One of our most popular tours is a day tour from Paris that we call our Classic Paris Luxury Tour of Champagne. It is described at https://parisluxurytours.com/champagne-tours-france/ and typically starts early in the morning with pick-up at an address in Paris and a drive to the Champagne region, either to Reims, the current capital of Champagne wine, or Epernay, the second capital. During the drive, our guide provides explanations on why sparkling wine that is produced in Champagne is unlike sparkling wine made anywhere else, and what there is about it that makes the wine unique.
That explanation delves into a subject known to the French as terroir, which derives from the word terra, Latin for land. It refers to the idea that a grape varietal (as well as other agricultural crops) has a relationship to the land in each region that is more or less propitious. Combine that with human cultivational skill and local climatic conditions to complete the evocation of the full potential to produce a particular crop in a specific geographic location. It is a subject very dear to the hearts of many who work in agriculture in France. Remarkably, there is no equivalent to it in English.
Upon arrival in Champagne, the main feature of the morning is a visit in a small group of other visitors at one of the wine estates that makes remarkably nice wine. Given that there are 15,000 different growers of grapes in Champagne and 460 major producers, you have no shortage of wine estates to visit from which to choose. They range from large corporations to small family-run estates. Counting the different styles of wine in Champagne is no easy task, as there are scores of them. Having consulted with you in advance, we take you to the estate that you have chosen that we have booked.
The visit is led by a guide provided by the estate and is performed in English, lasting about an hour. Their guide leads you through their infrastructure, and explains the philosophy of wine-making that is practiced by the estate and also will relate to you some of the techniques that have been created and are employed by the estate to evince their philosophy. Depending on the extent of interest manifested by the group, this visit phase may expand to well over an hour.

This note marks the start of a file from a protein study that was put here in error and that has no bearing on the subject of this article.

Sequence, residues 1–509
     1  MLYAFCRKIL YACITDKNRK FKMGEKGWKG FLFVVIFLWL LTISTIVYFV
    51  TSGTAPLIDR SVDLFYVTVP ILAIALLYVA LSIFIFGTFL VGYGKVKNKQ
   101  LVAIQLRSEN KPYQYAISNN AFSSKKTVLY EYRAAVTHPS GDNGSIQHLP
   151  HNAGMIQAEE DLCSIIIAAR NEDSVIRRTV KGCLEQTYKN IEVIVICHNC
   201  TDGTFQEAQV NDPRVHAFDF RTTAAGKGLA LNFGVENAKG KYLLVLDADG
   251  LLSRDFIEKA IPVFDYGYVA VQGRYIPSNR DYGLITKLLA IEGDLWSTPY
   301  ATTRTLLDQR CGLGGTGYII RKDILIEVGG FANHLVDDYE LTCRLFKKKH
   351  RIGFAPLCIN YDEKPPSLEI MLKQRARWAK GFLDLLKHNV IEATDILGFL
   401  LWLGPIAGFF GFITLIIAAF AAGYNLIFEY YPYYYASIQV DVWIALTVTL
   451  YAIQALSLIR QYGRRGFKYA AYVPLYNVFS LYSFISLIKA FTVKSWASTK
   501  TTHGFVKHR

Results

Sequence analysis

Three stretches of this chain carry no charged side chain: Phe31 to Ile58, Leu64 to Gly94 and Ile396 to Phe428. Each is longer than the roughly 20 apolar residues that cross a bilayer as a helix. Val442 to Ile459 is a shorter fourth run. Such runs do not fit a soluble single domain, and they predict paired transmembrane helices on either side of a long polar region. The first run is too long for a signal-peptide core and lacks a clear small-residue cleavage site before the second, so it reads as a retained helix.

There is then an opportunity to taste some of the wines of the estate, which might be as few as one or two wines, or as many as 3 to 5. Our clients pay a fee for the tasting directly to the estate, although some clients ask us to take care of those payments and add that cost to their payment of our tour fee. Tastings in France tend to be full glasses of wine, not thimble-sized, and you will usually want to take 30-60 minutes to savor the wine-tasting in a relaxed way.
We also usually provide a brief tour of some of the remarkable sights in the region. In Reims that includes half an hour inside and outside Notre Dame de Reims Cathedral, which displays an unusually pure early Gothic design and includes some remarkable stained-glass windows, such as that of the wine-grower’s guild, which dates from the 15th century and is near the south transept. There is also an ensemble of three windows created by Marc Chagall. There is another ensemble of two sets of three windows by German expressionist artist Imi Knoebel, which leave me stone cold.
We may also include some of the Roman-era vestiges, such as the Gate of Mars, which was one of main entries to the walled city that the Romans built, or the Roman-era commodity market at the Forum.
For lunch, there is a wide variety of choices such as the upscale brasserie Le Jardin at Château Les Crayeres in Reims or La Bellevue Brasserie at the Hotel Royal Champagne in Champillon, which overlooks the Marne River Valley, with Epernay on the opposite side. There are also a large number of Michelin single, double and triple starred restaurants, if you don’t mind taking the time to dine at one of them.
Speaking of taking time to enjoy a meal, recently Perrier-Jouët has emerged from its habitual isolation to provide a delightful lunch service (so far, two days per week) at La Maison Belle Epoque on the avenue de Champagne in Epernay. It is a five-course meal paired with five Belle Epoque vintage wines prepared by a master chef, Sébastien Morellon. It is an expensive meal, but one of great value.
After lunch we take you to a second wine estate, possibly in the grand cru wine village, Aÿ, or its near-by neighbor, Mareuil-sur-Aÿ, or in Epernay. In addition, if you would like a tasting-only (without a cellar visit), we can also arrange one with an up-and-coming rising star of Champagne, located in a grand cru wine village, such as Dizy or Hautvillers. In the latter we can also stop to pay homage at the tombs of Dom Perignon and Dom Ruinart, both of whom are buried in the St. Pierre Abbey Church.
We then will start the drive back to Paris, which we can route along the Marne River Valley, running through grand cru vineyards on the north slope of the Marne between Epernay and Dormans. The countryside is among the most beautiful in France, before we rejoin the A4 super highway back to Paris, which altogether normally takes two and a half hours.
Sometimes traffic returning to Paris can become congested, and the drive back can stretch to over three hours, especially if the return is on a week-end. If you wish, we can procure rail tickets for you in advance and drop you at the Champagne-Ardenne TGV station in Bezannes, which is halfway between Reims and Epernay. You will then be whisked to the Gare de l’Est in Paris in only 40 minutes, avoiding the drive back to Paris altogether.
In our next post we will describe our two-day tour of Champagne with one overnight, and point out why it is a better idea than the day tour from Paris in Champagne just described above. After that we also will soon provide a post on what we call our Super Luxury Tour of Champagne.